“You don't get more because you don't demand more!"
--Rev. C. B. Akins
This from WFPL:
Education and community leaders say the public school system needs local solutions to improve student achievement—but those solutions may vary depending on who you ask.
The conversation was sparked by comments made by Holliday earlier this year when he referred to some of the district’s lowest performing schools as “academic genocide.” The comments, Holliday has said, were purposeful and made to engage the community.
Hargens began by speaking about the importance of early learning, which included the decision to screen kindergarten students entering school for the first time this year. Several districts joined JCPS in the pilot program, which is expected to extend to all schools next school year.
Further she said extended learning time—which may include out-of-school-time partnerships with community based organizations—and having high expectations are important. Hargens also reaffirmed her commitment to data.
“It really isn’t about being nice and those of you who know me know, know that I’m really not that nice, because it’s really about student achievement,” she said.
Other guest speakers, including Hal Heiner of Kentuckians Advocating Reform in Education and Jerry Stephenson, director for the Black Alliance for Educational Options , talked about the importance of school choice. That, they said, includes creating charter schools.
JCPS has been an opponent of charter schools. Hargens said JCPS needs to instead strengthen magnet programs in the district.
Further, JCPS plans to submit an application to become a "district of innovation" under a new law recently passed, which would allow JCPS freedom from certain state regulations, she said.
JCPS cannot improve student achievement without the support of the city’s faith-based organizations, which have already partnered with the district to provide Learning Places and other programs offered to students out of school, she said.
Holliday was critical of the teacher’s union after being asked what he would implement if he were to trade places with Hargens. He said the American Federation of Teachers has negotiated contracts in Hartford, Conn., which provides more incentives to place higher performing teachers in lower performing schools.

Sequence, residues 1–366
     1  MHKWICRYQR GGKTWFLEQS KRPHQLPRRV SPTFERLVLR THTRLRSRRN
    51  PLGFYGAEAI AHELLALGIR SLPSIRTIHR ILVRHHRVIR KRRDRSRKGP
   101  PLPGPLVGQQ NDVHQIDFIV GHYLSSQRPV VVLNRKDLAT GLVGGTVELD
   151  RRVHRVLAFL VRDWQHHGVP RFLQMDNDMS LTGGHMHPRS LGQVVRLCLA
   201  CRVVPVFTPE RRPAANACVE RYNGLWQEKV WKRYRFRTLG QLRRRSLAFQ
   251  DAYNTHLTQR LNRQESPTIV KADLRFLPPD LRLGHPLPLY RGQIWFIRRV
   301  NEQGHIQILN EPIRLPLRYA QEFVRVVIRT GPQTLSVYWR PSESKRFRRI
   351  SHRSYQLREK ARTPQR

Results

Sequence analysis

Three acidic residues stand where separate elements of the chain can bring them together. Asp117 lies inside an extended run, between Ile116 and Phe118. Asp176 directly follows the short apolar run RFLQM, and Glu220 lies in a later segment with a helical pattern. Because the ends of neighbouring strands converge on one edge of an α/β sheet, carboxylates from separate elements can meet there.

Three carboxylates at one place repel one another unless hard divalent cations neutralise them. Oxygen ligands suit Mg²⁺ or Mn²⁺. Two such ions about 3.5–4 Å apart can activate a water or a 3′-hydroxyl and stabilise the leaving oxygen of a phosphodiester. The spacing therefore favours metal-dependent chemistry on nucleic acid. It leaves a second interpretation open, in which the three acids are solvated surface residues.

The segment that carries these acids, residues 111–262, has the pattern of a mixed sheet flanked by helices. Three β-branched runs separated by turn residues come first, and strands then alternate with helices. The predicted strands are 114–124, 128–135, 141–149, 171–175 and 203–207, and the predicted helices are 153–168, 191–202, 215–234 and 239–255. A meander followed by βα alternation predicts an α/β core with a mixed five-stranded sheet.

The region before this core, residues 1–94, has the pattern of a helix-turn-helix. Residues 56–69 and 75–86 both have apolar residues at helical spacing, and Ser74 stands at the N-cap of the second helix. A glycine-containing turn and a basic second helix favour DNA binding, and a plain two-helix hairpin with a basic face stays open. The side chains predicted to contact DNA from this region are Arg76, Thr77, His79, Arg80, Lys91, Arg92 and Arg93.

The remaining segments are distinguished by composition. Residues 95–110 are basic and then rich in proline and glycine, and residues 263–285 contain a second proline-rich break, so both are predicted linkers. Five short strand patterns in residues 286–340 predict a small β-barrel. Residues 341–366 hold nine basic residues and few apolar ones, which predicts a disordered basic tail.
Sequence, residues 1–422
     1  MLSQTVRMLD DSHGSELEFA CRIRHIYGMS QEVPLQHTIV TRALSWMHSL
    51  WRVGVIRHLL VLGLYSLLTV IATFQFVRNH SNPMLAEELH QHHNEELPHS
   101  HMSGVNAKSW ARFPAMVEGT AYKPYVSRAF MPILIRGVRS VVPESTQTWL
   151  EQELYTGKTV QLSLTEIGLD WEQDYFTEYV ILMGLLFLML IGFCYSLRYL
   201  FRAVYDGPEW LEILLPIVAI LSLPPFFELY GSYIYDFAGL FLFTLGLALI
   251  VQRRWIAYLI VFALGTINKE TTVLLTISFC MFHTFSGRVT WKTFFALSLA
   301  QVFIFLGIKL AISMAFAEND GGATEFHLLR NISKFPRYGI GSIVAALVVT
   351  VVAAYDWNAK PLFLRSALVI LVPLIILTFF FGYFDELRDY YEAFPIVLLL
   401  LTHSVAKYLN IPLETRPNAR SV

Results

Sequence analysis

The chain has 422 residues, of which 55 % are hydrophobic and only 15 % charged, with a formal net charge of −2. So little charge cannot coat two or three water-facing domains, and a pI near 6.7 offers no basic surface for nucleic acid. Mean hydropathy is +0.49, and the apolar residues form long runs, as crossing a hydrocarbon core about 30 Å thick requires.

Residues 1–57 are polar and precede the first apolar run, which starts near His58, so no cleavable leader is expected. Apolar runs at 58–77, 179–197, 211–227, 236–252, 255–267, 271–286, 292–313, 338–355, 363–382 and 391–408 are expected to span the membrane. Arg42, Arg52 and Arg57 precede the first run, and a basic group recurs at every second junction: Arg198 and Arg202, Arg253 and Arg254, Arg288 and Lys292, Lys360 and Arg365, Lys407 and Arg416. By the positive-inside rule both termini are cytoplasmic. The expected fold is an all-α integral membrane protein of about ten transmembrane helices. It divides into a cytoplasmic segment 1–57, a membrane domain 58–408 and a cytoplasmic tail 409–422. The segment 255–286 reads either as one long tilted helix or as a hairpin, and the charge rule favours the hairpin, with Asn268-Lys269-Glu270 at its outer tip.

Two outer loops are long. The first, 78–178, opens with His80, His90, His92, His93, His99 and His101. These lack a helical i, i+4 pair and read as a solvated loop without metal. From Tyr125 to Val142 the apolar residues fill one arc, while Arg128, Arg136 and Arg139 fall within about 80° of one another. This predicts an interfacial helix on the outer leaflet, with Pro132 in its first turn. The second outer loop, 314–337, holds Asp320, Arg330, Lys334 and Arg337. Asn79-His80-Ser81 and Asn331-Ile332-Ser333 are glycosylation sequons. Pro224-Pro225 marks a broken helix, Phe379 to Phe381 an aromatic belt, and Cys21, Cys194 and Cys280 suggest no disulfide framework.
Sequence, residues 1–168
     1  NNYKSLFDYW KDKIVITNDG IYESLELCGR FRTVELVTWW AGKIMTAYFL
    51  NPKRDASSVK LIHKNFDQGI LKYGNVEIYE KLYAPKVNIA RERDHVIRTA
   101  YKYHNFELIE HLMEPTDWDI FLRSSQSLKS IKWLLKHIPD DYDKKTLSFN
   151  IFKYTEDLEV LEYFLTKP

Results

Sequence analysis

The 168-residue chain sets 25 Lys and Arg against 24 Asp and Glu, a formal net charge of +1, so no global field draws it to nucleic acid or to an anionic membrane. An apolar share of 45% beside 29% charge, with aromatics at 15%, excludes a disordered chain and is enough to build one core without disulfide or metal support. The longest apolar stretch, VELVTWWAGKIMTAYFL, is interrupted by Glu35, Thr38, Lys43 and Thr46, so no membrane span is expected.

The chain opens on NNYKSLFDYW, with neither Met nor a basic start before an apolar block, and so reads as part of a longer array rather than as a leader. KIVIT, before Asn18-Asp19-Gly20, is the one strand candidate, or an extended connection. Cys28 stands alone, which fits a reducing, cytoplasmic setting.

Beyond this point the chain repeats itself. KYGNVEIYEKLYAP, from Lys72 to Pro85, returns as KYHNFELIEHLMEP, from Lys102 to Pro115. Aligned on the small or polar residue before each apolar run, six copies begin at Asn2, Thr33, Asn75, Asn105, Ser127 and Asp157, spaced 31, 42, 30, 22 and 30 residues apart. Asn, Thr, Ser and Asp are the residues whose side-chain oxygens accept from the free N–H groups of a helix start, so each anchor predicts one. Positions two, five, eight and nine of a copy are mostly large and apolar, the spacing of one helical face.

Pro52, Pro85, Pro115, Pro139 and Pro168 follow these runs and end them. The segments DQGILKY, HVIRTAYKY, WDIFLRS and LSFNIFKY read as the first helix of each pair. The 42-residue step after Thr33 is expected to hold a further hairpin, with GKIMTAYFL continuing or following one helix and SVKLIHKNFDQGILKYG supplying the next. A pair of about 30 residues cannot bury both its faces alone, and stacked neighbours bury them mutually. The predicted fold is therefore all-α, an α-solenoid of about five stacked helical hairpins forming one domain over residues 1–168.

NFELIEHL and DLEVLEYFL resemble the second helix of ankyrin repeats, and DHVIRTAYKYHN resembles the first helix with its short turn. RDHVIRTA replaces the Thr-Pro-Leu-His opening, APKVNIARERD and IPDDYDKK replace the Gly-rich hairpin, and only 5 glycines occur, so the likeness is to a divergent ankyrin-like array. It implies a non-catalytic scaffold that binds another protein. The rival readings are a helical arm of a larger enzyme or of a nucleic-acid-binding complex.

Holliday would not say whether the union was a direct barrier to improving student achievement, but he said it’s a perception of a barrier and that reaching a new agreement that included some incentives might clear up that perception.
Jefferson County Teachers Association president Brent McKim told WFPL state law does not allow the union’s contract to override a priority school's—former called persistently low-achieving—improvement plan.
The union represents about 95 percent of JCPS teachers. McKim said it’s premature to talk about what compromises might be discussed between the union and the district when contract negotiations come up later this year.
McKim said he’s open to talking about changing incentives or compensation in the contract for teachers at struggling schools, or those schools that have been traditionally hard to staff. But he also says incentives might not be just about money—it could include more support or smaller class sizes. The union, he said, is “open to looking at all of that.”
Hargens says if there are obstacles to providing good education in the union’s contract, those would need to be talked about, but she wouldn’t say what those obstacles may be.
“I think everybody is fired up, and if you go schools and to a principal’s meeting you’ll see principals fired up. So what we need to do is sustain this energy and this momentum," she said.
The largest crowd response came during comments made by Dr. C.B. Akins, who has run a successful community program in Fayette County called BMW Academy. Akins spoke about the need for community to support the students, and said the city should not wait for answers to come from the district.
Further, Akins says the Louisville community has not made enough noise to rally around education.
“You don't get more because you don't demand more,” he says.